- Simon's team helped us to recreate another famous transit experiment that uses a map of the United States.
  • 04:05
    By placing food sources on major US cities, we essentially asked the slime mold to build us an interstate highway system, which begs the same question that so much of this asks.
  • 04:16
    How is slime mold doing this?
  • 04:18
    Simon's not entirely sure.
  • 04:21
    But he has an idea.
  • 04:22
    - Here in the lab, one of the hypotheses we are exploring is that the brain of the slime mold, if you want, is actually the membrane of the slime mold, 'cause the membrane is the part of the slime mold that is both in contact with the environment, with getting the outside information, and in contact with the physiology of the organism, so getting the inside information.
  • 04:40
    - Meaning even without a brain, a single bead of slime mold can react to its surroundings and disseminate the information throughout the cell.
  • 04:48
    Simon thinks this decision-making power may come from that ability to synchronize information throughout its system.
  • 04:54
    We left our Petri dishes at Simon's lab for three days to let it grow.
  • 05:00
    And since he mentioned it, we had to try the stuff.
  • 05:02
    - Cheers.
  • 05:03
    - (mumbles) Cheers.
  • 05:06
    It tastes like dust.
  • 05:08
    - Mm, yeah, it's like moss.
  • 05:09
    - Yeah.
  • 05:10
    - It tastes like moss.
  • 05:11
    Yeah, it reminds me of when we used to put moss in our nativity for Christmas.
  • 05:16
    - Oh, and you were eating it?
  • 05:18
    - No, I'm tasting it instead of smelling it.
  • 05:20
    (laughing) Before we left, we also asked the big question.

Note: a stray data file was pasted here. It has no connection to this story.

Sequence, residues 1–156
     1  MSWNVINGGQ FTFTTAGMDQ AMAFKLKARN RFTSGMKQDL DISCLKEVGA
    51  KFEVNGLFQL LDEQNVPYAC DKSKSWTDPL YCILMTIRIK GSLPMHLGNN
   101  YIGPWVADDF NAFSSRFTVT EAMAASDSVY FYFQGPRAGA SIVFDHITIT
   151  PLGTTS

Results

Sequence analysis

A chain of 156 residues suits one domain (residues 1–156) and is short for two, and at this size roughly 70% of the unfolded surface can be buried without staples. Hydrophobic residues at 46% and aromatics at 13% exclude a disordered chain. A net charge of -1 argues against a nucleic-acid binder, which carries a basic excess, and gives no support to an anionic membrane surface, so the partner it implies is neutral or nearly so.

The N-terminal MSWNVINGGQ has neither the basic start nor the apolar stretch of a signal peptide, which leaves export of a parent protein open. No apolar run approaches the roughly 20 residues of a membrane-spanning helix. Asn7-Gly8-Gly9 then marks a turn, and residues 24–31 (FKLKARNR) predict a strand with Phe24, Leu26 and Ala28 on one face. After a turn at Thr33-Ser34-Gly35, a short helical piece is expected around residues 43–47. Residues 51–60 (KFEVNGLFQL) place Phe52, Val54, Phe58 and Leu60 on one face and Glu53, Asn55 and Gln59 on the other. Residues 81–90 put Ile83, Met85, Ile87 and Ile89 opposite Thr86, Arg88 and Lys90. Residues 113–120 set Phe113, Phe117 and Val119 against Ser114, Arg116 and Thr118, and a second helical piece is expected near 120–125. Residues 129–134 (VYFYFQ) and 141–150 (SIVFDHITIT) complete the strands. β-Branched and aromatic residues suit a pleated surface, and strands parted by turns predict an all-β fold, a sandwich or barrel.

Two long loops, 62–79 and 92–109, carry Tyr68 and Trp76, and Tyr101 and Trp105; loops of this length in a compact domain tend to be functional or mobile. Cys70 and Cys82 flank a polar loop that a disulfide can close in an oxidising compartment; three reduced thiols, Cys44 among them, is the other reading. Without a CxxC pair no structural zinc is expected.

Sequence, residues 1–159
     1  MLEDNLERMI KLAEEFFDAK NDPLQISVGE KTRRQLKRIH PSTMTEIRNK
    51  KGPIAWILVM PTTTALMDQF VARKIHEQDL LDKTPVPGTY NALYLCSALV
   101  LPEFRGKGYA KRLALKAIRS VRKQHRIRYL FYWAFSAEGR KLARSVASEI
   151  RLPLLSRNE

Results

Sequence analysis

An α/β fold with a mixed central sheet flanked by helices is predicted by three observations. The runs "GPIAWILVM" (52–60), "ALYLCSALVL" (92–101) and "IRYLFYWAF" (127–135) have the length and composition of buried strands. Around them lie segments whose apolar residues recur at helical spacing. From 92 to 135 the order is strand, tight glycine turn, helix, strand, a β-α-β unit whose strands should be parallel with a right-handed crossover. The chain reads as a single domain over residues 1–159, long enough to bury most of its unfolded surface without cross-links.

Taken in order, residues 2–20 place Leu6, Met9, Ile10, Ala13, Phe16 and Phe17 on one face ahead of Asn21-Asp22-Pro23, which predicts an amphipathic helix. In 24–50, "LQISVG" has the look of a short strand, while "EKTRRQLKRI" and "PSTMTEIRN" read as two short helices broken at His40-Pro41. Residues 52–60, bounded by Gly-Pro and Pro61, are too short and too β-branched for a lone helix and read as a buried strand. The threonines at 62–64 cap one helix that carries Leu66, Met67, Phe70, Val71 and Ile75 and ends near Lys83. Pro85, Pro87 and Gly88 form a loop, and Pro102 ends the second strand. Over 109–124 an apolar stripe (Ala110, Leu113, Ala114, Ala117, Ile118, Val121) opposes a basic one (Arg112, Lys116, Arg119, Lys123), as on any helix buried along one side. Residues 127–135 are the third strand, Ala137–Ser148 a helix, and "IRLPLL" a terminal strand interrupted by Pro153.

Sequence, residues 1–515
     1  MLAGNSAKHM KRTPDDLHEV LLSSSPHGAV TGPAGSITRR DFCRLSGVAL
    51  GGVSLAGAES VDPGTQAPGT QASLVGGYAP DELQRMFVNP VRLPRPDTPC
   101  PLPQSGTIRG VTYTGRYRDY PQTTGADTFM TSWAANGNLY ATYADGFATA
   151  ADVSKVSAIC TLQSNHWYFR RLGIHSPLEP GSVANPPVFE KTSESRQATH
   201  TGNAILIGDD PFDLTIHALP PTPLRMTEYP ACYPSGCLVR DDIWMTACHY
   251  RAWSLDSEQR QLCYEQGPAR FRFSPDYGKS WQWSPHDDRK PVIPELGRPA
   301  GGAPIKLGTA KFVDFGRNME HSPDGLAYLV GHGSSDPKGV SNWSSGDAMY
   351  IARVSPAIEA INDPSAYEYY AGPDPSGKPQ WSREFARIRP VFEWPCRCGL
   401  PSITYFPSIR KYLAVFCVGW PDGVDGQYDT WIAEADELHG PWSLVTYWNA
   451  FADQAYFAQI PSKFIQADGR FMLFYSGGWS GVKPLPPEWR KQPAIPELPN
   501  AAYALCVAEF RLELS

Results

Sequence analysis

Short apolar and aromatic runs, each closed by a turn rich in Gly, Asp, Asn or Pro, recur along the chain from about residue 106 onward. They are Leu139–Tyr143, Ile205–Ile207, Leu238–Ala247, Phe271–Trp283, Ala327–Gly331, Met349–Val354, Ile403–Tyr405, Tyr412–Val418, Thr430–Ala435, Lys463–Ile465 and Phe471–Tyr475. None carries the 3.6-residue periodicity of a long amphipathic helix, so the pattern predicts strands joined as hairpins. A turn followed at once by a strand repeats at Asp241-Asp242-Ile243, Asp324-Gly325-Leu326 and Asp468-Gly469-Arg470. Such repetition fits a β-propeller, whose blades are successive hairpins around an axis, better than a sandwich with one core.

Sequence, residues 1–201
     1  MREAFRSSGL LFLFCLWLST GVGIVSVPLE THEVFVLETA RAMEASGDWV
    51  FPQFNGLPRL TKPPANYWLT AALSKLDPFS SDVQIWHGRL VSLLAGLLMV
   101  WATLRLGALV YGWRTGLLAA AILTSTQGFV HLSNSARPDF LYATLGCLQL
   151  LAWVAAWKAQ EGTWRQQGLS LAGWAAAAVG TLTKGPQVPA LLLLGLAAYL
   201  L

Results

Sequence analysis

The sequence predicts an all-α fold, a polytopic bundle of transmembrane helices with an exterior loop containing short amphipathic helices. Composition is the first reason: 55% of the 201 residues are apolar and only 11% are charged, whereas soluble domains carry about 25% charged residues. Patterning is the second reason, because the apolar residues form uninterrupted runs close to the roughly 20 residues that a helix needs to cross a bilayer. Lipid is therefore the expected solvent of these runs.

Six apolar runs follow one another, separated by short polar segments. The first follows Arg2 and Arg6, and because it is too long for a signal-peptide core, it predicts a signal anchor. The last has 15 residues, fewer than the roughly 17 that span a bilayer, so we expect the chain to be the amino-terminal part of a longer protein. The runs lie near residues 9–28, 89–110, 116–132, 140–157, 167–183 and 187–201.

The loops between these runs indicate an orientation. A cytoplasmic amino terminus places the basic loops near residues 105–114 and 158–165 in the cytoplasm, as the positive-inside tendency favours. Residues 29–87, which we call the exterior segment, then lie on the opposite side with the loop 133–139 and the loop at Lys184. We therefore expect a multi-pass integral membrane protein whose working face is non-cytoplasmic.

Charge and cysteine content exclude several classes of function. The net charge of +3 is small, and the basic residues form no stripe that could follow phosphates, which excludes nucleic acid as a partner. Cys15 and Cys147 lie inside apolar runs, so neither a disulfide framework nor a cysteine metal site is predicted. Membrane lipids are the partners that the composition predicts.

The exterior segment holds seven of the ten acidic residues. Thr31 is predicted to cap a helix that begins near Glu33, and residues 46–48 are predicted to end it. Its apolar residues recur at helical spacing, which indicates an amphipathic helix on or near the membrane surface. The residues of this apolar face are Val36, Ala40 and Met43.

• 05:25
    What exactly can we learn from all of this?
  • 05:28
    Well, first, studying slime mold is like studying the very, very distant past.
  • 05:33
    - Life was unicellular at the beginning, and that's a unicellular organism.
  • 05:36
    And so, by looking at how something like this is capable of solving complex problem, we sort of get to the origin of intelligence on Earth.
  • 05:45
    - And second, he thinks that those transit experiments aren't just good metaphors.
  • 05:50
    - In the future, like self-driving cars is going to be a big decentralized system.
  • 05:54
    We're going to have millions of these self-driving cars on the road, and essentially they are all computers on wheels, and each of these computer on wheels is going to try to make decision in real time on which road to take, how to avoid this other car, how to find the best path.
  • 06:12
    - Basically, if we can tease out the algorithm that slime mold uses to make decisions, we could use some of that math for ourselves.
  • 06:20
    - If self-driving cars are capable of talking to each other, figuring out where traffic is clogged, they can automatically redistribute themselves in the network and decrease, essentially, the amount of pressure on particular road, making it better for everyone.
  • 06:32
    - [Alessandra] A few days later, Simon sent us the results of the experiment.
  • 06:37
    The map isn't perfect, but it is comparable to a highway network that took millions of dollars and years to create.
  • 06:44
    So yes, this is just a bunch of goo in a Petri dish, but it's goo that can make you question your own complexity as a human.
  • 06:52
    - So the question is, if slime mold is not, say, intelligence, and it's using only like basic physics and chemistry to solve this problem, well then, if we are as good as a sack of puddings, like are we intelligence really, or do we need to sort of really find what intelligence means when we look at something like slime mold?
  • 07:15
    - Hey everyone!
  • 07:16
    You're watching this on the brand new Verge Science YouTube channel.
  • 07:20
    The whole science team has been working on this, and we're really excited.
  • 07:23
    We're putting out a video every week, so please subscribe to this channel and check back next week for more.
  • 07:28

What self-driving cars can learn from brainless slime mold

Slime mold is a single-celled bit of goo that you’d find under a log in the woods. It’s also a master decision-maker, capable of weighing risk and reward in ways that make scientists question what intelligence really is. We grew slime mold of our own, and watched it tackle some amazingly complicated problems that could even help create better algorithms for self-driving cars.